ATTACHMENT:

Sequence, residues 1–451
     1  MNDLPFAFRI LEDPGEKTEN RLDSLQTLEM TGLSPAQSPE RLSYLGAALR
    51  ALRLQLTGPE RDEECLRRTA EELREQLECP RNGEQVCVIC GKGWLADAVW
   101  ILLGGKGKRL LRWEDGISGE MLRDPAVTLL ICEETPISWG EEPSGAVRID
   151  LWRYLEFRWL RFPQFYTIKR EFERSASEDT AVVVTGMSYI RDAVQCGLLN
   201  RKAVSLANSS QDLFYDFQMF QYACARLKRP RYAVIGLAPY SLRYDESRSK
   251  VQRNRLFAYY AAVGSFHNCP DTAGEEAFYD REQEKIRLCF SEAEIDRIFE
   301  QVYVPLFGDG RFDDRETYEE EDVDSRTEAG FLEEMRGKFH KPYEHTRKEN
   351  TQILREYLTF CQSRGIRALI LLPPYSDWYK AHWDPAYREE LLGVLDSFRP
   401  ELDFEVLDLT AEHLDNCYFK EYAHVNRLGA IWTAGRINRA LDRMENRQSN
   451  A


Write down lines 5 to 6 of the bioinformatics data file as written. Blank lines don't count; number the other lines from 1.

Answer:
   151  LWRYLEFRWL RFPQFYTIKR EFERSASEDT AVVVTGMSYI RDAVQCGLLN
   201  RKAVSLANSS QDLFYDFQMF QYACARLKRP RYAVIGLAPY SLRYDESRSK